The skipper: The base $31,045 Honda Pilot LX is a trim level we'd skip. It comes with the V-6 and a 6-speed automatic, a combination we've sampled and thought well of; front-wheel drive, with an option for all-wheel drive; the usual power features; a cloth interior; touchscreen audio with a USB port; 17-inch wheels; and air conditioning. What the LX lacks are some features that make families choose a big crossover SUV over a sedan or a smaller vehicle, touches like an easy-sliding second-row seat, or even safety features such as a forward-collision warning system. Honda will let you pay $382 for a tent that drapes over the Pilot LX's rear end--but at this price point, you can't opt into some of its better safety and convenience touches, at all.
The value meal: The $34,380 Pilot EX is the Honda crossover SUV for big families on a smaller budget. Over the LX's standard features, it adds remote start; satellite radio; two more USB ports; and air conditioning for the back two rows. For an extra thousand bucks--$20 a payment on a 48-month loan--it's well worth adding the Honda Sensing safety suite. In addition to the EX's side-view camera, it adds adaptive cruise control, lane-collision warnings, forward-collision warnings with automatic emergency braking, and lane-keeping assistance.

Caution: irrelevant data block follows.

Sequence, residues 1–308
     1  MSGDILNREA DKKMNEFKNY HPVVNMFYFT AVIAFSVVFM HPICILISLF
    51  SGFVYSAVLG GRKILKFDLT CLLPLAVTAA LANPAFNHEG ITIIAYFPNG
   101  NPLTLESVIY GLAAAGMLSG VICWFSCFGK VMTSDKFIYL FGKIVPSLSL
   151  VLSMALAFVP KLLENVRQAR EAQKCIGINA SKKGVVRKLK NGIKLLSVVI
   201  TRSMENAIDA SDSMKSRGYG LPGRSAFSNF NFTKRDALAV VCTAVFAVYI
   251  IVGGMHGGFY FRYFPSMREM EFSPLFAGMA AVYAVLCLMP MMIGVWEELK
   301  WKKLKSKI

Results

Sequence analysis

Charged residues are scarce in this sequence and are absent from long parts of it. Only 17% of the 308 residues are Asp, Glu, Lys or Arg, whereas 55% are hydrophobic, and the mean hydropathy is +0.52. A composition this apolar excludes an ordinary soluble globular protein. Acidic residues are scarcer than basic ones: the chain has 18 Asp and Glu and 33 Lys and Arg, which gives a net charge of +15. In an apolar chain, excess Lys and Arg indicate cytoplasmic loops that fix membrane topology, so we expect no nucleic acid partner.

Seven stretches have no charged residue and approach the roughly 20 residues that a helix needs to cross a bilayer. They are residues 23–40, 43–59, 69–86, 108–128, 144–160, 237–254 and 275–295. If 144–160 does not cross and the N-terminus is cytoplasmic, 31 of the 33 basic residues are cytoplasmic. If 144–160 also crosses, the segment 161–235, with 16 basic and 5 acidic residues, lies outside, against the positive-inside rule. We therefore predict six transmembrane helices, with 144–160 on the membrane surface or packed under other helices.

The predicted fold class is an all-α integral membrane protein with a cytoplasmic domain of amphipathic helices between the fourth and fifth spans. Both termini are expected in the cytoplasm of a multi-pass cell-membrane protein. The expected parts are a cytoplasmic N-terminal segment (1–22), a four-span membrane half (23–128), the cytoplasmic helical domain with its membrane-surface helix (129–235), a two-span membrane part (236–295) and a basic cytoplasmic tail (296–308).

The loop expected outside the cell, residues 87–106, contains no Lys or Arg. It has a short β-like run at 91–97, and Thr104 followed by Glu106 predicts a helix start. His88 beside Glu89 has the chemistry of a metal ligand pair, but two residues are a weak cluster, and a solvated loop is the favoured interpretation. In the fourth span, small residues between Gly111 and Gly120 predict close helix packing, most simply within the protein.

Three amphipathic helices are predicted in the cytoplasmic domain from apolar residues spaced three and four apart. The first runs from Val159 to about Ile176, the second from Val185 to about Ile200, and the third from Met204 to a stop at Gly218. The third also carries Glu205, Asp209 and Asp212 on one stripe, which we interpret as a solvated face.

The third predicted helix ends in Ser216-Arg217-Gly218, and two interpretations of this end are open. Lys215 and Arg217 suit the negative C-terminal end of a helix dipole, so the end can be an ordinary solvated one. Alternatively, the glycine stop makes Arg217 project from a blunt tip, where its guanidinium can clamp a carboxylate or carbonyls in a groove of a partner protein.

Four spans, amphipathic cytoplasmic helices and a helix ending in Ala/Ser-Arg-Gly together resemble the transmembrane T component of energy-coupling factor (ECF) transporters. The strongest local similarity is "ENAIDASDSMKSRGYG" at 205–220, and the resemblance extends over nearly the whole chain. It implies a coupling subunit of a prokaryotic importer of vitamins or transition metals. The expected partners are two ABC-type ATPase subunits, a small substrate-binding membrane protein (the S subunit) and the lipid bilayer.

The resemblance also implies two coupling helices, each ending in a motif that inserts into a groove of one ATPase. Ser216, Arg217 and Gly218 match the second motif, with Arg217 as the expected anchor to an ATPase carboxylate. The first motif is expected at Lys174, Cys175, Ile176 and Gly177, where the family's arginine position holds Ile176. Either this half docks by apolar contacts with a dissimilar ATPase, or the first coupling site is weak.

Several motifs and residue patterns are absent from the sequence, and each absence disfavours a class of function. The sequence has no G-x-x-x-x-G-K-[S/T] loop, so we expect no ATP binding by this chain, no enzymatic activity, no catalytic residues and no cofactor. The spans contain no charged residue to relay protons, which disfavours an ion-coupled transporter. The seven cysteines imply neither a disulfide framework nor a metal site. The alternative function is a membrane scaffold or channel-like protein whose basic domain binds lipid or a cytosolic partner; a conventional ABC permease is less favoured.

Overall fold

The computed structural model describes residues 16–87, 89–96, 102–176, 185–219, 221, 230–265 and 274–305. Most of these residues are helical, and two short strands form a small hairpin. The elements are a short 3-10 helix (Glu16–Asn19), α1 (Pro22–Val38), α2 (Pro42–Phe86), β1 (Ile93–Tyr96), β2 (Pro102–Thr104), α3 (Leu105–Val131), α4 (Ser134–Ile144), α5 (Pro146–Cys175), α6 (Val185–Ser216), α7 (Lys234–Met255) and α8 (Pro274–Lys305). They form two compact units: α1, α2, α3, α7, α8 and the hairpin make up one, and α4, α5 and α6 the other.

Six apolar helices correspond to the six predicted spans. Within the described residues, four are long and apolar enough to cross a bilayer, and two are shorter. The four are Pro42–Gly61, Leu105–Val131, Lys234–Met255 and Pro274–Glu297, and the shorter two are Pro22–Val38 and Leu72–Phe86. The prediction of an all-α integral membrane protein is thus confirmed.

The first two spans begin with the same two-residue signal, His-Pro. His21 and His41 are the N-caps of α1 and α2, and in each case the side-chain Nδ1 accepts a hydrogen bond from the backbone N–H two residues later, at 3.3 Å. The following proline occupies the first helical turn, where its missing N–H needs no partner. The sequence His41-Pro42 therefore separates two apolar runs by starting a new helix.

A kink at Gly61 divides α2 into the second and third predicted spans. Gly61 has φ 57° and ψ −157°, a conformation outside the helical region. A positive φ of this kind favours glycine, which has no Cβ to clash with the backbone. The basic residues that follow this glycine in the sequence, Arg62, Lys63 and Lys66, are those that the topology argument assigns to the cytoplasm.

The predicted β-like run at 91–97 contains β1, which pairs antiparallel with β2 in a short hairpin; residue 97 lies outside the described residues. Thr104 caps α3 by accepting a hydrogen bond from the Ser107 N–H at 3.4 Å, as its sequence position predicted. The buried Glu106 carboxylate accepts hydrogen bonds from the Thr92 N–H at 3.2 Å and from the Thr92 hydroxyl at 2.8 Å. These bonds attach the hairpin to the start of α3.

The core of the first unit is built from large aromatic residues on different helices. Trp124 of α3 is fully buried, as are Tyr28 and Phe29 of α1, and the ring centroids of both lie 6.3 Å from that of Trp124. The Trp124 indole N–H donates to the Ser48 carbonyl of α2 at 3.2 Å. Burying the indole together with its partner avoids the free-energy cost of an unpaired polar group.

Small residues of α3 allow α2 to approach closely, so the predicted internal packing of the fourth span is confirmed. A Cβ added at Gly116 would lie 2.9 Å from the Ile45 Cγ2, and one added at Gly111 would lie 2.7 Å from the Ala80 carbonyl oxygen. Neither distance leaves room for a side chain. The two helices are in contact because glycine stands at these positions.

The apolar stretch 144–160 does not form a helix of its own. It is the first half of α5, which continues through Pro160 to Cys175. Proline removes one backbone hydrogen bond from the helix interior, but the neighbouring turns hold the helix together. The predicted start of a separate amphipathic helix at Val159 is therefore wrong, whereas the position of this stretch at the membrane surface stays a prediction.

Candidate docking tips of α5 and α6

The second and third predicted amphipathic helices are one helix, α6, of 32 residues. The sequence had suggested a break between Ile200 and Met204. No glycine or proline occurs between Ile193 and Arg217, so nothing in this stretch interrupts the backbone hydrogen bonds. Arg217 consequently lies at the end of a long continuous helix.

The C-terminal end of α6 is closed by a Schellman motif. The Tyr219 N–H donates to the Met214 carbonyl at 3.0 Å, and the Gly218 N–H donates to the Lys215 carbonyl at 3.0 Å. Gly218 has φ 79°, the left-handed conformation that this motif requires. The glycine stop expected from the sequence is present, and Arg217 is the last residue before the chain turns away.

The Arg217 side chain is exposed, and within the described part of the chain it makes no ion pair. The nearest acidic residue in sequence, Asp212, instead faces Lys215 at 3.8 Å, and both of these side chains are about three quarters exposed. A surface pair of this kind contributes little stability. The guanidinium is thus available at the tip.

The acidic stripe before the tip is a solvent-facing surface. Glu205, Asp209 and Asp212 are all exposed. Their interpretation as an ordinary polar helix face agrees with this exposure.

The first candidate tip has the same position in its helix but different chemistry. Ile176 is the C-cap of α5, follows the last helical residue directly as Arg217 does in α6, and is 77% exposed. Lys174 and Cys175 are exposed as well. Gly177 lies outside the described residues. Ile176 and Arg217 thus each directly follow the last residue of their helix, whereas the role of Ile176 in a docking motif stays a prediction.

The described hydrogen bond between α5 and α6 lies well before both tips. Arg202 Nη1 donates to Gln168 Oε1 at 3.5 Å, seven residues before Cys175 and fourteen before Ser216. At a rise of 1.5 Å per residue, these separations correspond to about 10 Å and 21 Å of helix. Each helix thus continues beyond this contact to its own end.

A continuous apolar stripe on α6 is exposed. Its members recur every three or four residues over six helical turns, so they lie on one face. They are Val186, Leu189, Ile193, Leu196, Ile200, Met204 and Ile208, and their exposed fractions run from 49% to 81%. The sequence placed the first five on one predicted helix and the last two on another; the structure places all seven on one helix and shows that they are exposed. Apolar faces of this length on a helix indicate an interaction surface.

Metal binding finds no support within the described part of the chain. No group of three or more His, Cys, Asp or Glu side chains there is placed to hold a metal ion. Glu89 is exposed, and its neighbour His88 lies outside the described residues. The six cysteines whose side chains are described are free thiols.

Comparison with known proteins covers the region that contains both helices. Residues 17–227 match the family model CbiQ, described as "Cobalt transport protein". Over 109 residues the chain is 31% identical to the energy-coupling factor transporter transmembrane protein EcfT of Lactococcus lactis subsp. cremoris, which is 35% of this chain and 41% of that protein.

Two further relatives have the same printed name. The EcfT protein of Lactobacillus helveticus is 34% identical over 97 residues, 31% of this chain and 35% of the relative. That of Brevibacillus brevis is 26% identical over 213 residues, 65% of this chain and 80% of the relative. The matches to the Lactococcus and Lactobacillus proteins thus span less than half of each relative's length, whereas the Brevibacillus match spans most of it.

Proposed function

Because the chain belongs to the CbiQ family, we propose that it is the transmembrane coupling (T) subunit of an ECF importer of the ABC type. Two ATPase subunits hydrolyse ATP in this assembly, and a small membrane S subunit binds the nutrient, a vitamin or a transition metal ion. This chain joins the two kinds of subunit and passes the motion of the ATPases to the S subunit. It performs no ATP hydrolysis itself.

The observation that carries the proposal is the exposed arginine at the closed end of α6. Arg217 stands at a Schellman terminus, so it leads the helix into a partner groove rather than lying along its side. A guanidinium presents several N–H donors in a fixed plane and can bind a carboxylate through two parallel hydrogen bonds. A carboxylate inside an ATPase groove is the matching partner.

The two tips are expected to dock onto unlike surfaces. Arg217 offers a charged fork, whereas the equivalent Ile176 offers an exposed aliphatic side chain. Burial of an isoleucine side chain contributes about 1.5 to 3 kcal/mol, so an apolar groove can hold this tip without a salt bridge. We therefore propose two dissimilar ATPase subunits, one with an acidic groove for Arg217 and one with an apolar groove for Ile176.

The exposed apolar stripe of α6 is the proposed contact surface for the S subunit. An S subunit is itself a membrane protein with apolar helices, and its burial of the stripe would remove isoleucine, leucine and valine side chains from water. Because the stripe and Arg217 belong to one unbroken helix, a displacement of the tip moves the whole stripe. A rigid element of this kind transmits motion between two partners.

The supersize value meal: The $37,895 ups the price of the Pilot, and pours on the gravy. It comes with heated front seats; a second-row seat that slides at the touch of a button; a sunroof; a power tailgate; and leather. Navigation, all-wheel drive, and a rear-seat Blu-Ray system add even more to the price.
The sweet spot: If you're able to spend more than $40,000 on a new family wagon, we don't see much wrong with the $42,970 Pilot Touring. Among the key differences with other trim levels, it adds a 9-speed automatic as standard equipment, along with the Honda Sensing tech gear; navigation; the Blu-Ray DVD system; and parking sensors. It also has five USB ports and a 115-volt outlet, making it the penultimate gaming crossover, we think.
The money no object ute: For drivers who cross-shop the Acura MDX and don't want something quite that brand-conscious, there's the $48,370 Pilot Elite. At just under $50,000 before accessories, it gets a bigger sunroof; ventilated front seats and heated rear seats; LED headlights; a heated steering wheel; second-row captain's chairs; and HD radio. On this trim, a preferred set of blind-spot monitors takes the place of the side-view camera; it's the one feature we wish Honda would cut loose and free-flow through the order sheet, since the feature is standard on some low-trim family sedans that cost less than $25,000.
You'll also get Honda Sensing, but in this trim it drops the LaneWatch camera in favor of more conventional blind-spot monitors with rear cross-traffic alerts—a system we prefer for its all-around accident prevention.
Our Pilot's next flight
Next in our series, we're going to pick out which features have us fawning over the Pilot--and which have us kvetching. We're going to put it through some more basic training, then send it on a cross-country journey for some summertime sightseeing, and a stint with a young family--complete with two kids and a dog.
While we're at it, we'll wedge in some gas-mileage runs, car-seat tests and other tasks to figure out if we've missed something in naming it our Best Car To Buy.
Follow along with us below--and connect with us there, too, if you have a task or a question in mind for our long-term road test.